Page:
By Charles King, Pund-IT, Inc. September 12, 2018
As I was preparing to attend VMworld 2018 a couple of weeks ago, I realized how much history the company and I share. VMware was founded the year before I became an IT industry analyst. A few months after I started that job, a pair of VMware reps on their first analyst “tour” briefed us to explain and promote the company’s technology and strategy.
Further along, I was covering EMC in 2004 when it bought VMware, a deal spearheaded by EMC CEO Joe Tucci that still qualifies as one of the tech industry’s all-time best corporate acquisitions. In 2016, I was covering both EMC and Dell when the latter announced its plans to acquire the former, along with its 85% stake in VMware.
Both VMworld 2017 and 2018 took pains to emphasize synergies between the company and its new parent but for slightly different reasons. Last year’s event was all about organizational continuity, including assuring VMware’s customers, employees and shareholders that Dell EMC fully understood and would continue to respect the company and its achievements.
VMworld 2018 contended with subtler issues, including Dell’s recent decision to reenter public trading, including acquiring the VMware tracking shares it issued in 2013. In addition, the recent departure of Intel CEO Brian Krzanich has led to speculation that VMware CEO Pat Gelsinger—once a senior executive at Intel—was being touted to replace Krzanich.
So along with celebrating some notable milestones for VMware, including being both the company’s 15th and the 20th anniversary of its founding, VMworld 2018 emphasized VMware’s leadership stability, along with the continuing, growing value it provides Dell Technologies.
The journey to legacy status
It’s safe to say that the VMware that hosted 24,000+ attendees from 86 countries at its 15th annual conference in Las Vegas is a far cry from the one that showed up in my employer’s offices in 1999.
VMware initially focused on being the first vendor to support virtualization on systems with Intel’s x86 processors. But the paltry capabilities of those systems (mostly relegated to edge of network functions, like email and file/print) made the company’s offering anything but impressive to data center pros. In fact, deriding VMware was an automatic response among many old-hand mainframe and Unix system vets.
However, VMware’s initial focus on enhancing the performance and value of workstations, as well as developer efficiency rang a bell with businesses, making them receptive to future engagements with the company. Plus, as x86-based systems’ performance and stature grew, VMware rode those coattails while also broadening its strategic vision and technological focal points.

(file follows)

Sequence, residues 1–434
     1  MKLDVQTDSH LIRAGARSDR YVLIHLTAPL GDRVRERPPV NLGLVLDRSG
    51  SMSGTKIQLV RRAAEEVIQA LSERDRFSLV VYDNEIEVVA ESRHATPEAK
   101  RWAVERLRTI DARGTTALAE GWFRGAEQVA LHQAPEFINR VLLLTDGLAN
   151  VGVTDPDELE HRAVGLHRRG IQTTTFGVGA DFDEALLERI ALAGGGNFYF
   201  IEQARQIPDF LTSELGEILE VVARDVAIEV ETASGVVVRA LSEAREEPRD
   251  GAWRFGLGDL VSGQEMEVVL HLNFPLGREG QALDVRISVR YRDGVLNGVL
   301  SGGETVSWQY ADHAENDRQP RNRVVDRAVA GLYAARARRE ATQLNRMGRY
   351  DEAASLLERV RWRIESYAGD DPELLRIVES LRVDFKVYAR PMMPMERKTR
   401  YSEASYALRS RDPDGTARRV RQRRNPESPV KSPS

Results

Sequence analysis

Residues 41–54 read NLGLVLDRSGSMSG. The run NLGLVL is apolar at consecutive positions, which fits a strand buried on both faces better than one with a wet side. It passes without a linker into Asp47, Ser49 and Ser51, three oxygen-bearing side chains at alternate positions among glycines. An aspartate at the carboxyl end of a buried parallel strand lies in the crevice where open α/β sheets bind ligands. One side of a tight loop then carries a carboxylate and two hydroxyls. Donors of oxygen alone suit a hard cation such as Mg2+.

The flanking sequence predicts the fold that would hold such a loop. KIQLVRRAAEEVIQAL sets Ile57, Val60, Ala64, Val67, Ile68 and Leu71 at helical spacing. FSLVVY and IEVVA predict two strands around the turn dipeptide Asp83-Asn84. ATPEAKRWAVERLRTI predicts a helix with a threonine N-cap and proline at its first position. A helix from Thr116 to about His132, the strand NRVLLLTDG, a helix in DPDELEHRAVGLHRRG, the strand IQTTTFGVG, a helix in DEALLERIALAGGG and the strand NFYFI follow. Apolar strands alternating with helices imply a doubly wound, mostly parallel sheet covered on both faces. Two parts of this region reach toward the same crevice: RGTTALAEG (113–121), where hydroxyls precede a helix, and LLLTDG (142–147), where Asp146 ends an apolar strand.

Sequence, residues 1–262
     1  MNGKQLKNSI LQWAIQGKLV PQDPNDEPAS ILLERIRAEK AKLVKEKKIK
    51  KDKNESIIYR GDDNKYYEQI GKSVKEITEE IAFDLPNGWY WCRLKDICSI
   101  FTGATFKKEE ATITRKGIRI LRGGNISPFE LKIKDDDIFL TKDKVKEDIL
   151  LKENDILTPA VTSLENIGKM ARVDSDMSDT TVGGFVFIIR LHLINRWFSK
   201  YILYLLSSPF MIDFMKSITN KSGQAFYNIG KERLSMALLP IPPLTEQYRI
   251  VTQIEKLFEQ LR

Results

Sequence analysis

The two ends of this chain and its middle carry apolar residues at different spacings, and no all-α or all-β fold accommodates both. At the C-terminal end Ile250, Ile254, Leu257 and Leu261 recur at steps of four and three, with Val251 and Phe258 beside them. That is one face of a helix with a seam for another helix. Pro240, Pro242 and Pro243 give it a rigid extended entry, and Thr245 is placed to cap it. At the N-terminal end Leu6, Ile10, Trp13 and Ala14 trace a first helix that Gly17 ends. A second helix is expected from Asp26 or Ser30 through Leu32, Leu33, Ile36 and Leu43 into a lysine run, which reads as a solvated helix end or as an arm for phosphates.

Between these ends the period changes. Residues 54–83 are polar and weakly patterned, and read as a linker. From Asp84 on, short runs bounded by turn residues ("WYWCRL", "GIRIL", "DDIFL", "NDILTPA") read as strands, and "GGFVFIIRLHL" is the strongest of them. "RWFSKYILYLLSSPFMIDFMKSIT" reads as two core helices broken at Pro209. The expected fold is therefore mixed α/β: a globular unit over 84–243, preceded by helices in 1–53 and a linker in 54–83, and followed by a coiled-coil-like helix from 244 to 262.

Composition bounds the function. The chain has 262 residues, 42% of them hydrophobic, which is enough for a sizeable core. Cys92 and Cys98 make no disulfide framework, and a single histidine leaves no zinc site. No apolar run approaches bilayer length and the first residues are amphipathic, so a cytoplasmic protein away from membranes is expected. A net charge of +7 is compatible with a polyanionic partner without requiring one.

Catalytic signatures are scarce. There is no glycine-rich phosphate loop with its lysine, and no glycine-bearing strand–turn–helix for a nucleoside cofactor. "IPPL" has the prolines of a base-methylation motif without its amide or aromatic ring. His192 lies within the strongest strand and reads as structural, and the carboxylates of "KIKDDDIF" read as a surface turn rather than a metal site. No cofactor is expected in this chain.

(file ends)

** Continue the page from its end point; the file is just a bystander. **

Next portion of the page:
In addition, since the beginning, the company largely aligned its products and services with the needs of enterprise clients. That makes great sense since, to paraphrase legendary bank robber Willie Sutton, that’s where the IT money is. But by focusing on enterprises, VMware also inoculated its solutions against an early demise.
How so? Large organizations are among the most conservative of IT buyers and users, so after a vendor makes it into an enterprise data center, getting booted out typically requires radical market shifts or gross incompetence. If a vendor continues to deliver quality and value over time, its solutions attain “legacy” status—the platinum standard for achieving technological longevity.
Some in the industry like to dun legacy solutions, considering them to be automatically, hopelessly passé in comparison to new technologies. Aside from being a tiresome cliché, that attitude also ignores the provable, ongoing benefits that legacy solutions provide. By any measure, VMware is one of the most essential, deeply rooted and successful legacy vendors for modern enterprise customers.
Examine and adapt
This doesn’t mean that legacy vendors and platforms are bulletproof—Sun Microsystems is just one of many companies that, though once considered unstoppable, are now consigned to Silicon Valley’s dustbin. That said, the way a vendor avoids such a future is to examine and adapt to new trends and technologies. In fact, Sun’s inability or unwillingness to adapt to disruptive x86 systems and related technologies contributed significantly to its failure.
In contrast, VMware has showed its mettle by successfully negotiating two elemental course changes. In 2008, the company’s CEO and co-founder, Diane Greene, was replaced by Paul Maritz, a former senior executive at Microsoft who joined EMC after the company acquired his pioneering cloud computing start-up, Pi Technologies. Not surprisingly, Maritz used his first VMworld keynote to discuss the company’s natural place in the cloud and further expanded that vision at VMware’s vCloud launch the following year.